'Field of Dreams' game: Smyly finds comfort zone amid the corn, leads Cubs past Reds
Most Cubs players have passed through Iowa before, since the team's Triple A affiliate is in Des Moines.
So maybe they had a home-cornfield advantage against Cincinnati on Thursday in MLB's second "Field of Dreams" game in Dyersville, Iowa.
The Cubs scored 3 runs in the top of the first inning and made it stand up in a 4-2 victory. The star of the game was starting pitcher Drew Smyly, who threw 5 shutout innings with a season-high 9 strikeouts. Smyly also had a solid description of the setting.
"I caught myself in between every inning when I wasn't pitching just staring out into the cornfield, just looking over the left-field wall," Smyly said. "It was something I'd never seen before. Just thinking about sitting in a major-league dugout trying to pitch a game for the Cubs and all I'm looking at is endless cornfields.
"It's an image I'll always remember. It was awesome, it was a great experience."
Before the game, Smyly walked around the field taking it all in. He said Thursday was also his daughter's birthday.
"The first couple innings, it took me a little bit to get in a groove, catch my sights," he said. "It's a whole different feel than pitching in a usual major league baseball stadium. I caught a little groove there at the end. It was just a lot of fun. It was so unique and different than what we're used to."
This game didn't quite match the fireworks of last year's White Sox-Yankees game, which began the Iowa tradition. Those teams combined for 8 home runs, including a walk-off by Tim Anderson. The Cubs and Reds hit no home runs into the corn.
The pregame ceremonies began with Ken Griffey Sr. and Jr. walking out of the cornfield to play catch. Or "have a catch," if you use the language from the movie.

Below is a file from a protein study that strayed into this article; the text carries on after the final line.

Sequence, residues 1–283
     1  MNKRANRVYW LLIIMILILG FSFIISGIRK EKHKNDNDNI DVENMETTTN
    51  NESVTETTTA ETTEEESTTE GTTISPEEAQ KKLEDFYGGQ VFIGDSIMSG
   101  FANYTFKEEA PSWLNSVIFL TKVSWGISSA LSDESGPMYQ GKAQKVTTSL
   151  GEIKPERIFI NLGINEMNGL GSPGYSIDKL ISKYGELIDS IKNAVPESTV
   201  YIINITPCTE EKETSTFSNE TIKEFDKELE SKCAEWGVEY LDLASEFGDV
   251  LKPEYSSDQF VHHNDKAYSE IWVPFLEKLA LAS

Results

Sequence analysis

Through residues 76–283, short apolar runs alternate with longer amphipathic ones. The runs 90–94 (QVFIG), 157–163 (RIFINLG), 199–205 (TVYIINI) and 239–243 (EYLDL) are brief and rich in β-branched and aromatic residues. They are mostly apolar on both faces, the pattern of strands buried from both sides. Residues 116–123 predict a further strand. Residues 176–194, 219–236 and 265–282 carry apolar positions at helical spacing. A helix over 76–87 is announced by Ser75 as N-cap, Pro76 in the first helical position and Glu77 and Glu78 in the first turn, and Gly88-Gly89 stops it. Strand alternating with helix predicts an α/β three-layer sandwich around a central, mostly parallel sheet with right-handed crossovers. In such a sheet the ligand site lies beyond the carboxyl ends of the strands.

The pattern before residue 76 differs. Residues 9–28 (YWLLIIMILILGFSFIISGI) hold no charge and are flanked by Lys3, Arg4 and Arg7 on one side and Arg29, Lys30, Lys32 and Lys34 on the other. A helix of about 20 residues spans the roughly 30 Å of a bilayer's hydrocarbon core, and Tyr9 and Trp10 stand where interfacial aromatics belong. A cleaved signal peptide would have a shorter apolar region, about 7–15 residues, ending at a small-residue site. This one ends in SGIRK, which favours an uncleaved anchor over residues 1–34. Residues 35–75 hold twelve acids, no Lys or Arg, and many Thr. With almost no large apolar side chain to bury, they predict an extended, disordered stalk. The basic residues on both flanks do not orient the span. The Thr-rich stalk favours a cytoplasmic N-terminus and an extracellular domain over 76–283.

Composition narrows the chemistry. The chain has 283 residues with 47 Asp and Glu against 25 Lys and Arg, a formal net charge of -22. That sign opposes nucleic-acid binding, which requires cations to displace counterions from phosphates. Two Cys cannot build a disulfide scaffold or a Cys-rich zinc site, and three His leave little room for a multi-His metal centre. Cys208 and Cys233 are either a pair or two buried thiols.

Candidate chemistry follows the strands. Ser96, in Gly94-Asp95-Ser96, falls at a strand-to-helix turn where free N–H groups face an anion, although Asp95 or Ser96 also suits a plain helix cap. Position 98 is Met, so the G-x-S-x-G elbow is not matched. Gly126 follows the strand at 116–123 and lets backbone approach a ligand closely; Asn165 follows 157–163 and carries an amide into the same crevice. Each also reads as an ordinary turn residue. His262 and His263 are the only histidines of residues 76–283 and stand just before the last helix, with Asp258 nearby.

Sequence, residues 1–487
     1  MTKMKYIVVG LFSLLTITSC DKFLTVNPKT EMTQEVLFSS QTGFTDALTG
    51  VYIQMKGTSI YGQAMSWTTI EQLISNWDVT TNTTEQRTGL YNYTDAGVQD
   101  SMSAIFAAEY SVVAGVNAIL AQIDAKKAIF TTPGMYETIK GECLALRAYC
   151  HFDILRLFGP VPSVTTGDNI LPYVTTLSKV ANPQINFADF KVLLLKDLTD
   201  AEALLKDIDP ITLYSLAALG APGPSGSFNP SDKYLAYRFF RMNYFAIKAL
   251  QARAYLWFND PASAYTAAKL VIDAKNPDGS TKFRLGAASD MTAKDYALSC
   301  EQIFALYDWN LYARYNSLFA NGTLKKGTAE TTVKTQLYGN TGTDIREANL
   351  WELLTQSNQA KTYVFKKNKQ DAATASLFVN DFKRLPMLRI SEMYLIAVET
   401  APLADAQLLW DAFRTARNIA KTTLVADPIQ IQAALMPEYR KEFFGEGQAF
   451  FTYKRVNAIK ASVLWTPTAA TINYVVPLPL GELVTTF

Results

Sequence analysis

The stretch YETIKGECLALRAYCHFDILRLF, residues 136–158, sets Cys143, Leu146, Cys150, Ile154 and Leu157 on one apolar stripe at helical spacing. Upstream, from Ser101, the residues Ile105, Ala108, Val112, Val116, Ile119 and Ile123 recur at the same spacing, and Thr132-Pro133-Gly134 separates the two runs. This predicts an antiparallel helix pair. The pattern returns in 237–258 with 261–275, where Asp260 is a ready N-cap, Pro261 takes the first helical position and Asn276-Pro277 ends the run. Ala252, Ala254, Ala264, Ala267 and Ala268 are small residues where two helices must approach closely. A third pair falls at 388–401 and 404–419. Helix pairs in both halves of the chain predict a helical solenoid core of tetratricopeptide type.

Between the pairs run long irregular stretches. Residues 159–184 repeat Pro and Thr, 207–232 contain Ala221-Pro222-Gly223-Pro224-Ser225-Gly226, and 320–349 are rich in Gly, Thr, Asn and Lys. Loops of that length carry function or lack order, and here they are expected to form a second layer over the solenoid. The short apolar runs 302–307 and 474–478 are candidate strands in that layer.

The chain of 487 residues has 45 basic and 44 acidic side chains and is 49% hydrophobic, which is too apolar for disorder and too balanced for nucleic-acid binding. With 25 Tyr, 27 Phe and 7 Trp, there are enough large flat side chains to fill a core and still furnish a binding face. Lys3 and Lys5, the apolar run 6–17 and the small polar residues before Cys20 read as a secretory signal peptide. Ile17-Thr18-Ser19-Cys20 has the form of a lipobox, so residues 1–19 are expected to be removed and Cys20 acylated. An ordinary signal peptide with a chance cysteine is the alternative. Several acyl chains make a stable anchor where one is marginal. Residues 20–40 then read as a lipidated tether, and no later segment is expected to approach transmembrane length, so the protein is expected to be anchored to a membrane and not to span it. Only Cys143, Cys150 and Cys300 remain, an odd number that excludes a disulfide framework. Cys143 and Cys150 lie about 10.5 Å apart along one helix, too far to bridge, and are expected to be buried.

The first pitch featured a pair of Hall of Famers with Cubs legend Fergie Jenkins tossing it to former Reds catcher Johnny Bench. Bench and Griffey Sr. were members of the famed "Big Red Machine" that won two World Series titles in the 70s.
Other Cubs Hall of Fame members were on hand -- Billy Williams, Andre Dawson, Ryne Sandberg and Lee Smith. Some other ex-Cubs spotted at the field were Carlos Zambrano and Ben Zobrist.
The Fox broadcast promised a surprise for the seventh-inning stretch, which turned out to be a weird, animated Harry Caray singing "Take Me Out to the Ballgame" from the press box.
Before the game, Happ talked about the experience of re-creating the 1989 film "Field of Dreams."
"It brought me back to a lot of days in high school and summer ball, traveling around," Happ said. "Being from Pittsburgh, you make a lot of drives through Indiana and Illinois and Michigan, and you pop out from a cornfield into a place where there's a bunch of fields and you go play for three days in a row and three games a day.
"That's what this feels like. It feels like one of the reasons why I fell in love with the game in the first place. All those times my parents drove me and spent the days with my mom in the back of the minivan working while we're playing baseball."
It looked like the top of the first inning would end quickly as Reds starter Nick Lodolo coaxed two ground outs on six pitches, then went 0-2 on Patrick Wisdom. But then Wisdom was hit by a pitch that was nearly a swinging strike three.
Seiya Suzuki followed with an RBI double to left-center field. Nico Hoerner followed that with a single to bring home Suzuki and Ian Happ's RBI double made it 3-0.
There was a scare in the top of the third, when Willson Contreras walked, then rounded second base on a Wisdom single. When Contreras stopped and tried to get back to the back, he rolled his left ankle and was tagged out as he rolled on the ground in pain.
Contreras got to his feet, tried to walk off the injury, then slowly limped off the field. In the bottom half of the inning, though, he was back behind the plate at catcher.
The Cubs made it 4-0 in the fourth when Nick Madrigal's single drove in Nelson Velazquez. Madrigal stayed hot, going 3-for-5.
Reliever Michael Rucker gave up 2 runs in the seventh after throwing a scoreless sixth. But Brandon Hughes and Rowan Wick closed it out.
Both teams flew into Dubuque on Thursday morning and bused roughly 30 minutes to the field.
"I think the coolest moment for me so far was driving in, seeing fans on street corners, with their lawn chairs outside their houses, just waiting to see the busses go by and wave," Cubs manager David Ross said. "You can tell something's a really big event when people are that anxious about just a drive-by."